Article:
The food served to children must meet the necessary sanitary and nutritional requirements, so that the children can develop intellectually and physically. However, the criteria for determining food quality may vary between different consumers and food handlers (Egan et al., 2007; Öz et al., 2014).
In the school environment, it is important to introduce good hygiene habits amongst the school children, such as the proper washing of hands before eating. However, if the food handlers do not adhere to hygienic practices before preparing the school meals, contamination can occur. Furthermore, the concept of food quality and food safety has different interpretations amongst consumers (Röhr et al., 2005), and considering that food handlers are potential consumers, the adoption of good handling practices becomes vitally important to ensure the safety of the food served to school children.
The Brazilian National School Meals Program (PNAE) is considered to be one of the main school meals programs in the world and is the only one providing a global service. With the aim of meeting the nutritional needs of school children during the academic year, it contributes to biopsychosocial growth and development, and improvement in the learning and academic performance of the students, as well as promoting the development of healthy eating habits (Brasil, 2009; Brasil, 2013; Fundo Nacional do Desenvolvimento da Educação, 2014).
According to the report of the Brazilian National Fund for Educational Development (Fundo Nacional do Desenvolvimento da Educação, 2015), the school meals program of the municipality of Cuiabá, the capital city of the State of Mato Grosso, receives donations to enrol students from municipal nursery schools or nursery schools run by charitable trusts and community organizations that receive assistance via donations.
Although the aims of the PNAE are relevant with respect to nutrition (Raphaelli et al., 2017), many of the Food and Nutrition Units (FNU) do not provide adequate facilities for meal preparation. The school should ensure the nutritional quality and safety of the food prepared as well as the compliance of the food preparation with the sanitary requirements in order to protect the school children and maintain their health (Brasil, 2006; Cardoso et al., 2010; Elias et al., 2018).
Food served in schools and nursery schools may carry Foodborne Diseases (FBD) if not handled according to good food handling practices, and food handlers should be trained in order to ensure the high quality and safety of prepared foods (Oliveira et al., 2008; Veiros et al., 2009; Cardoso et al., 2010; Stedefeldt et al., 2013).
Fresh vegetables can carry disease when handled without good food handling practices (Falomir et al., 2010), especially lettuce, and have been identified as important vehicles of common public health pathogens (Santana et al., 2009).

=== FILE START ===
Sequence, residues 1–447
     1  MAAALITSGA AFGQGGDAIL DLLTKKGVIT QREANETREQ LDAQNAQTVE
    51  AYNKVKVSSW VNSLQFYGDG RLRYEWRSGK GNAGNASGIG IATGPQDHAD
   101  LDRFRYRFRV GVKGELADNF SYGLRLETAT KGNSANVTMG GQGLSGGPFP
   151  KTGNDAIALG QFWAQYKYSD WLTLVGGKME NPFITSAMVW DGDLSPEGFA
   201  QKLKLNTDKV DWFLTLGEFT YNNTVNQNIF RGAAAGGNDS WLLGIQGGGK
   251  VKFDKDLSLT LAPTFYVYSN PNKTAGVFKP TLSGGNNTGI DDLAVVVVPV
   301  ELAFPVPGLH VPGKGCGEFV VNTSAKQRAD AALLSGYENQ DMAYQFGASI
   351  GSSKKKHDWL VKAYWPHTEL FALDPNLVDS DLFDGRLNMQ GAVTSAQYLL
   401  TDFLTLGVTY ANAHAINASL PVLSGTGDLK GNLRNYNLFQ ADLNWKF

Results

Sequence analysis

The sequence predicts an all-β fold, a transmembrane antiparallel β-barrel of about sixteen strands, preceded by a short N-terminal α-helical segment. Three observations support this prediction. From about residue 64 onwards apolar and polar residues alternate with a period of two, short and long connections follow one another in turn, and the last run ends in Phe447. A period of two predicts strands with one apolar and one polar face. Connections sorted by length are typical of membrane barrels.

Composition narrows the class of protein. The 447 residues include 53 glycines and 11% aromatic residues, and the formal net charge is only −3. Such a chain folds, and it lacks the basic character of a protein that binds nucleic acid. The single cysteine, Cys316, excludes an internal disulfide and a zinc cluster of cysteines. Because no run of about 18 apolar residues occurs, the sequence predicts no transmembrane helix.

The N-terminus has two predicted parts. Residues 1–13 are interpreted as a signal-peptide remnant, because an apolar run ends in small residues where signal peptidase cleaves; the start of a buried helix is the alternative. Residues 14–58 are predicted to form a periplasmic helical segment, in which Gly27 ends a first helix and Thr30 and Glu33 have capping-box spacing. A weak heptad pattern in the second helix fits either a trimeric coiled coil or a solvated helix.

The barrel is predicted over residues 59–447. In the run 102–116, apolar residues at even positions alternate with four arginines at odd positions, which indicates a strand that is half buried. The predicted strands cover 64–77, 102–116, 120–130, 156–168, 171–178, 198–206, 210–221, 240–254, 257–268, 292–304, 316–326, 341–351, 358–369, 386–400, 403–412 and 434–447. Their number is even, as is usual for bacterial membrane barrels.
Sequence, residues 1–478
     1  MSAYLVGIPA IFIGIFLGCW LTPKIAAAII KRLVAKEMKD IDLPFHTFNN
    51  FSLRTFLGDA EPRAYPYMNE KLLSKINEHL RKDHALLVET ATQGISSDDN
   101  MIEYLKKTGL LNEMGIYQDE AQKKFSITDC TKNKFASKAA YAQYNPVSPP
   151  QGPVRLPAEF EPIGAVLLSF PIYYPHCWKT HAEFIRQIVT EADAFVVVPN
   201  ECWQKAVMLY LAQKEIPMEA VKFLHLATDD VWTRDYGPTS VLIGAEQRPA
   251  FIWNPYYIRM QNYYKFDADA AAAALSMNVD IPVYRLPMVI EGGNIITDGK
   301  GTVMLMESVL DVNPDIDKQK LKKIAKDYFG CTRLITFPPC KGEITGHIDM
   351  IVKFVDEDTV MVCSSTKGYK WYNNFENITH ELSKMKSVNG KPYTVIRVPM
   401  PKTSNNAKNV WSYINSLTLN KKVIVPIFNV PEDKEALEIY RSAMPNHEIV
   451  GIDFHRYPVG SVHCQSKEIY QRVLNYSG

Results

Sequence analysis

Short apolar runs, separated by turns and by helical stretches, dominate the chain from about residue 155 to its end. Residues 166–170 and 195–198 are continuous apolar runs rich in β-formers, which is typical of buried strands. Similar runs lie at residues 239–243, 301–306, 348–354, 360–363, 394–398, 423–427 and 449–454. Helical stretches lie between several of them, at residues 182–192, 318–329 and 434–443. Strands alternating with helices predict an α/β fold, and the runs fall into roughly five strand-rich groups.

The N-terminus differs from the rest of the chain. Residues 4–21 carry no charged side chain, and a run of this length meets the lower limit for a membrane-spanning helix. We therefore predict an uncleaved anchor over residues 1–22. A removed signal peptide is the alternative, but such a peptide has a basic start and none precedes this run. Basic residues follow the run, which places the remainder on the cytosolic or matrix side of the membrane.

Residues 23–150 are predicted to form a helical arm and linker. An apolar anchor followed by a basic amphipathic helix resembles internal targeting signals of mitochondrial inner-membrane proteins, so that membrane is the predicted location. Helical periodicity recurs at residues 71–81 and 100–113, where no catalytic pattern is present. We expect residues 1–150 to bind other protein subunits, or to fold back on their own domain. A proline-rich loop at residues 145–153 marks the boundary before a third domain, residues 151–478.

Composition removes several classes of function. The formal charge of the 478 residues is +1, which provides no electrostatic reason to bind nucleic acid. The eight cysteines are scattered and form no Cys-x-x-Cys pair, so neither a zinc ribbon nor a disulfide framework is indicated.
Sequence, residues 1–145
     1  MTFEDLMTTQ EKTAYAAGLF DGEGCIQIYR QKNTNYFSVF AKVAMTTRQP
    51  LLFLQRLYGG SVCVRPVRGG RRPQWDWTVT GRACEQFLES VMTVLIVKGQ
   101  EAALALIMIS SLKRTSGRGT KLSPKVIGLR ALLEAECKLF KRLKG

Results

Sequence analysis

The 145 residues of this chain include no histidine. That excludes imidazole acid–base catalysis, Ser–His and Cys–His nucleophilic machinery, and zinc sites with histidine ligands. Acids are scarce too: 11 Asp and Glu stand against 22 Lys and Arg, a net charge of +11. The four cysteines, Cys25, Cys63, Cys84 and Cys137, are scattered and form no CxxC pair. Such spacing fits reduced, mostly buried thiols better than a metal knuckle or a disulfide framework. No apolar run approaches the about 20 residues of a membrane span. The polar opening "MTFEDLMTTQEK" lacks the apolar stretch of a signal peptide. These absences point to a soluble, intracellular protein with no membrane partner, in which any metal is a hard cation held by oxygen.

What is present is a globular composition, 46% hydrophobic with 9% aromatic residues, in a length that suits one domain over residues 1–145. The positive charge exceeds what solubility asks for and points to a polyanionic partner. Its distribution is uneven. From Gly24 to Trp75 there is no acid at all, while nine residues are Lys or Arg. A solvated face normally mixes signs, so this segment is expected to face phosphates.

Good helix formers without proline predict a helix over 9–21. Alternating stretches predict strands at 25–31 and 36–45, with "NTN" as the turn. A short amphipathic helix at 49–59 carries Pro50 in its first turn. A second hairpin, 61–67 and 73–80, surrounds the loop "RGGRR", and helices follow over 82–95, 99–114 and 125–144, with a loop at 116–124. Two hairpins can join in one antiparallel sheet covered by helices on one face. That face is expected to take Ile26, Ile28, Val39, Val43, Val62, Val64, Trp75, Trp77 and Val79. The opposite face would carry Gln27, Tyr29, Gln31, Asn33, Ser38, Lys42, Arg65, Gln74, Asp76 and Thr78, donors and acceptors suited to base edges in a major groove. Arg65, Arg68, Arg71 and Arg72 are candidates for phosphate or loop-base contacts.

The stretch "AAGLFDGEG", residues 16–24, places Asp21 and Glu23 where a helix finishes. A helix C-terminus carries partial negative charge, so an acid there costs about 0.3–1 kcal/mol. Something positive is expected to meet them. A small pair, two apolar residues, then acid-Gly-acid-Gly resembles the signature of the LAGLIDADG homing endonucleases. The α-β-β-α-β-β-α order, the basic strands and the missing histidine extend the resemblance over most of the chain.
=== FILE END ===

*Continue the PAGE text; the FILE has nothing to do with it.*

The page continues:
The quality control and safety check of food served to school children can be done by way of microbiological analysis of the equipment, facilities, utensils, raw materials and prepared foods, serving as a basis for the evaluation of the hygienic and sanitary conditions under which the procedures were carried out by the food handlers (Santana et al., 2009; Cunha et al., 2012; Stedefeldt et al., 2013; Cho & Bae, 2016; Neitzke et al., 2017).
There are several varieties of salads, mostly based on raw vegetables such as tomato, radish and cucumber, as well as leafy greens such as lettuce, watercress and chicory. In Brazil, lettuce (Lactuca sativa) is the most popular leafy vegetable used in salads, and there are a variety of cultivars. It is cultivated in all regions of Brazil (Henz & Suinaga, 2009), and its low calorific value makes it suitable for consumption in several diets, usually in the raw form, leading to the development of intestinal diseases (Santana et al., 2006) when inadequately sanitized. The use of a sanitizing agent is necessary to reduce the microbial load, since lettuce is consumed raw, and may be a vehicle for the spread of pathogens, such as Escherichia coli (Santos et al., 2010).
Nowadays, people are choosing to eat fresh vegetables. In order to encourage healthy habits, one must stimulate them in childhood, and hence it is crucial that primary schools ensure the quality of the fresh vegetables they offer to the children. In order to guarantee the maintenance of such quality, food handlers should frequently be encouraged and trained to prepared safe foods. It is possible that the food offered to schoolchildren in infancy does not meet the requirements of the legislation, based on the absence of pathogenic microorganisms, or that the microbiological quality of the food is not in accordance with current legislation. Thus, the aim of this study was to compare the microbiological quality of lettuce salads served to schoolchildren in public nursery schools in the municipality of Cuiabá, Mato Grosso, Brazil, before and after training the school nutrition technicians according to the good handling practices for food preparation.
2 Material and methods
This study was carried out in eight municipal nursery schools (denominated C1 to C8) located in the urban area of Cuiabá, Mato Grosso, Brazil and supervised by the PNAE .
The study involved sample collection in two distinct phases: before and after the training of the people responsible for handling the food served to the schoolchildren. They were trained in techniques for nutrition according to the good practices for food handling.